This weekend, the remake of Carrie hits theaters. Brian De Palma's 1976 version is a classic horror film, one that probably doesn't need to be remade. But 37 years later, a fresh set of creative talent can look at adapting Stephen King's original novel differently. Modern concerns about bullying and social networking can be incorporated into the story. Special effects can spectacularly demonstrate Carrie White's telekinetic abilities far more impressively.
When remakes of previous films are developed, the snide response is that Hollywood has run out of original ideas. Yet famous plays are restaged with new, updated interpretations all the time. Why can't the same hold true for movies? Certain films might benefit from a modernized take on the material, reflecting the changes in our culture throughout the decades.
The mistake that probably gets made is picking the wrong films to remake. As director Steven Soderbergh said at the San Francisco Film Festival back in May, famous movies shouldn't be remade. Studios need to do a better job of looking into their back catalogs, taking something made decades ago but has an idea in it that might benefit from a fresh look.
Plenty more remakes are on the way, including The Secret Life of Walter Mitty, Robocop, and Oldboy. But here are five other movies that could stand to be updated and improve on their original versions. Comedies and character dramas arguably hold up better over the years, so this list is a bit heavy on sci-fi and horror flicks that can utilize modernized special effects — both computer-generated and practical — to tell their stories.
Swamp Thing: Comic-book adaptations are huge these days. And we could use a good monster movie that doesn't involve giant lizards stomping through cities. Swamp Thing is more of a supernatural character than costumed superhero like Superman and Captain America. But he (it?) has an origin story and goes after the bad guys just the same.
The character also has a deep element of tragedy to him that sets him apart from other comic-book characters. Scientist Alec Holland becomes a creature when he's doused by chemicals in a lab explosion and merges with the surrounding swamp. Does he ever have a chance of becoming human again?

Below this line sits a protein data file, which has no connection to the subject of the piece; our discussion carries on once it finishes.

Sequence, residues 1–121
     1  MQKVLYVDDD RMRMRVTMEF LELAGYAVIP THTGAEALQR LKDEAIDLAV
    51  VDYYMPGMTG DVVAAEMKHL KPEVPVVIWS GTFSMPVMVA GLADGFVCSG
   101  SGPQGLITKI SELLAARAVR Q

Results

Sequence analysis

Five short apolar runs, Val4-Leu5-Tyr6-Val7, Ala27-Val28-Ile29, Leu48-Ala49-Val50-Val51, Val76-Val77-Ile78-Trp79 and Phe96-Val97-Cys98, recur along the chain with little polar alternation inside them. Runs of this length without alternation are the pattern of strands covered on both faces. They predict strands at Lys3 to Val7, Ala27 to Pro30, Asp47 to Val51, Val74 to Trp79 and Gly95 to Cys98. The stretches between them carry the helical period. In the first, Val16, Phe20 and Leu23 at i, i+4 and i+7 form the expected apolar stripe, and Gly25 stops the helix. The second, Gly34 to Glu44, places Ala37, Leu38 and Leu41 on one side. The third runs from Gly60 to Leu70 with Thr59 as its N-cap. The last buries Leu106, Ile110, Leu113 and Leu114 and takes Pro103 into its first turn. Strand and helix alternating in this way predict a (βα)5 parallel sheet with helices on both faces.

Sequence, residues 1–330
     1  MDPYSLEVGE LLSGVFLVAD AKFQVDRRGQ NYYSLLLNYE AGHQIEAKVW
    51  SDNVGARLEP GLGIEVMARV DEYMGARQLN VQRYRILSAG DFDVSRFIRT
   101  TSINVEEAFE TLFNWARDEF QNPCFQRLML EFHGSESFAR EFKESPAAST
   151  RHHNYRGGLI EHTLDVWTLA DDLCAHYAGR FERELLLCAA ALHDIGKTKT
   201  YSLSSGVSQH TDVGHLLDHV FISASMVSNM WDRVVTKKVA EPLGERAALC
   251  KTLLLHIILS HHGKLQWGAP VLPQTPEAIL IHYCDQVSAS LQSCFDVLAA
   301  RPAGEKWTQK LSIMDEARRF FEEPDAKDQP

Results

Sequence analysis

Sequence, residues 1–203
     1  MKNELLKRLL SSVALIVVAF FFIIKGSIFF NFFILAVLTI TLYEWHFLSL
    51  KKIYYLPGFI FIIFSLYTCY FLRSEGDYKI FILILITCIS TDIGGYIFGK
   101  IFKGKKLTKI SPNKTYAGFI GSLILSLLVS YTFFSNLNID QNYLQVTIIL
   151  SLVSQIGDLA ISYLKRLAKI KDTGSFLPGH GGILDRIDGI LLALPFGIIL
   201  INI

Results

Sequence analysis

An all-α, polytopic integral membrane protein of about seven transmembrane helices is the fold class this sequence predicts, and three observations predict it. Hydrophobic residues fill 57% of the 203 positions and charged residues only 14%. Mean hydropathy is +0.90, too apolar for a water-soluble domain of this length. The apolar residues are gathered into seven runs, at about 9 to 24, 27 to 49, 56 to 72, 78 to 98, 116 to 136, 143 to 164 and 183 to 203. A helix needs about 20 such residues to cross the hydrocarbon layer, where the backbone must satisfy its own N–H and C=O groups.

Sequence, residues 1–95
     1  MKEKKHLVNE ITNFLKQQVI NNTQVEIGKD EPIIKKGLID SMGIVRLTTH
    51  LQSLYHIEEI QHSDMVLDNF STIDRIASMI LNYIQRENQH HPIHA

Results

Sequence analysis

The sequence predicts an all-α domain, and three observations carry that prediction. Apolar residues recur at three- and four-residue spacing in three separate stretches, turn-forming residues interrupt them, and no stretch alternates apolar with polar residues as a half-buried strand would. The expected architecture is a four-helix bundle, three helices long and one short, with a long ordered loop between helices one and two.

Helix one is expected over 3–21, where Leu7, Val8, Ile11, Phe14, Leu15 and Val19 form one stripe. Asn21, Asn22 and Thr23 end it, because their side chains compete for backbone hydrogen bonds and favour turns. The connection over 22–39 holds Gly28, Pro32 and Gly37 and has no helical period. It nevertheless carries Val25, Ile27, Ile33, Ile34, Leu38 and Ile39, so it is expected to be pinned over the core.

Above all, a new version could improve on the creature being in a rubber suit, as he was in Wes Craven's 1982 film. Swamp Thing could be the tangle of moving roots, moss and vines that he is in the comics, rather than just a walking plant. He could be the force of nature that the character became in Alan Moore's interpretation. (Moore's Watchmen, V For Vendetta, From Hell and The League of Extraordinary Gentlemen have been adapted into films.)
This would be perfect for Guillermo Del Toro, who loves to create monsters for the screen. Look at his "Hellboy" films, Pan's Labyrinth and Pacific Rim and imagine what he could do with DC Comics' most popular supernatural beast.
Fletch: Trying to remake a cult classic would be risky. Many lines from the 1985 Chevy Chase film — "It's all ball bearings nowadays," "I'm with the Underhills," "I'll have a steak sandwich and... a steak sandwich" — are recited as in-jokes by fans of the movie, many of whom discovered the movie long after it was in theaters.
Chase and his deadpan wit cast a long shadow over investigative reporter Irwin Fletcher. (Would Fletch even work at a newspaper in an update of the character?) But an actor like a Ryan Reynolds, Vince Vaughn or Jason Bateman could surely bring the same snappy humor and smartest-guy-in-the-room attitude to a new version. (Reynolds was once actually rumored to be up for the part.)
Kevin Smith tried for years to make a new "Fletch" movie, which would have hued more closely to Gregory McDonald's original novels. Smith envisioned a prequel — based on Fletch Won — that took place before the 1985 Chevy Chase film, with Ben Affleck or Jason Lee playing a younger version of investigative reporter Irwin Fletcher. Bill Lawrence, who created Scrubs and Cougar Town, was also attached to a "Fletch" project at one point and reportedly would've cast Zach Braff in the lead.
Fletch could be a potential franchise character, with McDonald having wrote 10 novels. Of course, an original screenplay — one that doesn't directly adapt one of the books — could be written as well. An adult comedy that incorporates elements of mystery and suspense would seemingly have a wide appeal to a variety of audiences.
Krull: Peter Yates' 1983 film was derivative and could be seen as a "Star Wars" knockoff that combined elements of sci-fi and fantasy. The story has "Slayers" instead of Stormtroopers, "The Beast" rather than Darth Vader and the "Black Fortress" somewhat resembling the Death Star. But Krull also has its own distinct elements, such as the Widow of the Web imprisoned by a giant crystal spider, Fire Mares (horses that can gallop through the air) and a Cyclops who knows when he's going to die.